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For some people, being seen as a public success is very important because it boosts their ego and makes them feel important. This means that always been praised by peers and media and being seen at VIP events.

I have however learned that even though a good PR or what some call personal branding is  important in today’s world of social media, instagram and the connected economy, what is more important to me is doing work that matters.

Doing work that matters is about seeking to do work that is impactful, not necessarily pretty. Doing work that matters does not necessarily care much about PR, or even been seen to be VIP cutting the ribbon with important people.

It is more important you do work that is important, do work that matters, than you do work that is pretty.

If your client (or boss) gives you a project, and it goes well, let her take the credit, because she will want more, and when she does she will come to you.

Take the blame when things go wrong and explain what you learned, and those in charge will get more comfortable with the idea that failure is a part of the creative process.

Although he made a mistake by announcing the wrong winner of Miss Universe. Steve Harvey is a class act for going back on stage and taking responsibility. That took courage and integrity.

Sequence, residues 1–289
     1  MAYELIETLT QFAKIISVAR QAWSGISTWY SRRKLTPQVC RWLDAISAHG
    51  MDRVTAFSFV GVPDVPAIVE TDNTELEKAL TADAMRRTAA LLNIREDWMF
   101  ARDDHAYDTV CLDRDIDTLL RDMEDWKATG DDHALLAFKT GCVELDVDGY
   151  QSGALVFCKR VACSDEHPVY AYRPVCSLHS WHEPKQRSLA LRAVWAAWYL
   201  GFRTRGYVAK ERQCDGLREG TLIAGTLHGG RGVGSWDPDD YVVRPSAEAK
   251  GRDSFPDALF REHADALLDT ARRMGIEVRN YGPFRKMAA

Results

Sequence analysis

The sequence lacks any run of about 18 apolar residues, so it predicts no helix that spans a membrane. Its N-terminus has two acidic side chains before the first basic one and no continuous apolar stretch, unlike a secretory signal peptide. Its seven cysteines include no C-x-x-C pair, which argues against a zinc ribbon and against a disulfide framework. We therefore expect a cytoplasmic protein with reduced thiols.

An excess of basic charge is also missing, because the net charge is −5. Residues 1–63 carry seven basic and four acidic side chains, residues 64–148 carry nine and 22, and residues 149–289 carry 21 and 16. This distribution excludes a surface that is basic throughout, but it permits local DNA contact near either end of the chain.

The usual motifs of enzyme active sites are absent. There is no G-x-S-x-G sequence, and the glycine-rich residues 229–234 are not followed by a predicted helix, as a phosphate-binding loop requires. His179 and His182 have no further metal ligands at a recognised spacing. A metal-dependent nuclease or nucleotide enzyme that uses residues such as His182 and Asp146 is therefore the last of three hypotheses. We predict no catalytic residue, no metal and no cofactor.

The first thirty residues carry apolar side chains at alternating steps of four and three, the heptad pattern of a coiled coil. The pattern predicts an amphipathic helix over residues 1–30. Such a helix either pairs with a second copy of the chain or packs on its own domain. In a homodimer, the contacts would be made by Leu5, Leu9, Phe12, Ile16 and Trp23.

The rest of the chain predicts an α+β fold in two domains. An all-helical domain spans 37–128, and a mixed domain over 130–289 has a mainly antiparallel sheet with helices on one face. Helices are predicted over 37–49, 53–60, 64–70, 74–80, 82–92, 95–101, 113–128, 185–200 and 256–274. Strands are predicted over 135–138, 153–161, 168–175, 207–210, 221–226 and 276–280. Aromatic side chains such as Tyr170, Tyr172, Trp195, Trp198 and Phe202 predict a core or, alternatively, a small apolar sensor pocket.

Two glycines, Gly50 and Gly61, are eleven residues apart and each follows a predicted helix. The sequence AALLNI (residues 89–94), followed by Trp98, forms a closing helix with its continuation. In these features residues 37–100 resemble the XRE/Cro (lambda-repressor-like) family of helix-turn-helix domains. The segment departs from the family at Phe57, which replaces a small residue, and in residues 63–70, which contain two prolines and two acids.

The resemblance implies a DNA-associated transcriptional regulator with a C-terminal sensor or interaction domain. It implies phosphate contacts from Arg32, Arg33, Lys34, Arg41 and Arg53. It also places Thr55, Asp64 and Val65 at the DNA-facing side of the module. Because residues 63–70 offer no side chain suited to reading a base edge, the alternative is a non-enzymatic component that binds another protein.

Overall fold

If there is something wrong, you own that, but if someone else, particularly a client or boss wants to take credit, That is awesome.

The reason it is awesome is that they will come back to you for more of that, they are eager to work with people who make them look good.

Besides what is important to you is to continue getting the work from them, not the praise and worship from others.

There are two kinds of people, those who do the work and those who take the credit. Try to be in the first group; there is less competition there. – Indira Gandhi

You know something is important when you are willing to let someone else take the credit if that’s what it takes to get it done.

It is amazing what you can accomplish if you do not care who gets the credit.

What about me? Who gives me credit? If what you are after getting the work from your client, then continuously getting that work is enough credit.

Some people are stingy with giving out credit or praise for good work, but they will continue to give you a project(s) and pay you for your services, that’s okay, as long as you get the project, your value does not decrease based someone’s inability to give you praise.

I have learned never to stop doing my best just because someone does not give me credit.

 

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